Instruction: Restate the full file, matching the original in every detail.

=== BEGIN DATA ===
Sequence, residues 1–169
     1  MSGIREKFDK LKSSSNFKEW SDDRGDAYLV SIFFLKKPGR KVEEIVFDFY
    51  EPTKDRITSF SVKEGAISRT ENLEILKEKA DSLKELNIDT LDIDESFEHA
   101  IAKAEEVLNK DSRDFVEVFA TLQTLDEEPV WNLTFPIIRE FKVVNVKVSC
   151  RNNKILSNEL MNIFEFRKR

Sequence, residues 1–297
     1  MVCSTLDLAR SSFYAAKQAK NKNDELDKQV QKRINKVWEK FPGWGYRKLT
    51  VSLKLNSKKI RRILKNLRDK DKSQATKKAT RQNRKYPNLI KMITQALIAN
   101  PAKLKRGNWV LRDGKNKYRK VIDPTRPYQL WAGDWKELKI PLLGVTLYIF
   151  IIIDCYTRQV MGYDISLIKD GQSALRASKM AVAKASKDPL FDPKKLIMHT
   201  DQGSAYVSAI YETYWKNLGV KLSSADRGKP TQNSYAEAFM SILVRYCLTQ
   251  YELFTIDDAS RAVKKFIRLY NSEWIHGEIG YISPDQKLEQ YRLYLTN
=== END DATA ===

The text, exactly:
Sequence, residues 1–169
     1  MSGIREKFDK LKSSSNFKEW SDDRGDAYLV SIFFLKKPGR KVEEIVFDFY
    51  EPTKDRITSF SVKEGAISRT ENLEILKEKA DSLKELNIDT LDIDESFEHA
   101  IAKAEEVLNK DSRDFVEVFA TLQTLDEEPV WNLTFPIIRE FKVVNVKVSC
   151  RNNKILSNEL MNIFEFRKR

Sequence, residues 1–297
     1  MVCSTLDLAR SSFYAAKQAK NKNDELDKQV QKRINKVWEK FPGWGYRKLT
    51  VSLKLNSKKI RRILKNLRDK DKSQATKKAT RQNRKYPNLI KMITQALIAN
   101  PAKLKRGNWV LRDGKNKYRK VIDPTRPYQL WAGDWKELKI PLLGVTLYIF
   151  IIIDCYTRQV MGYDISLIKD GQSALRASKM AVAKASKDPL FDPKKLIMHT
   201  DQGSAYVSAI YETYWKNLGV KLSSADRGKP TQNSYAEAFM SILVRYCLTQ
   251  YELFTIDDAS RAVKKFIRLY NSEWIHGEIG YISPDQKLEQ YRLYLTN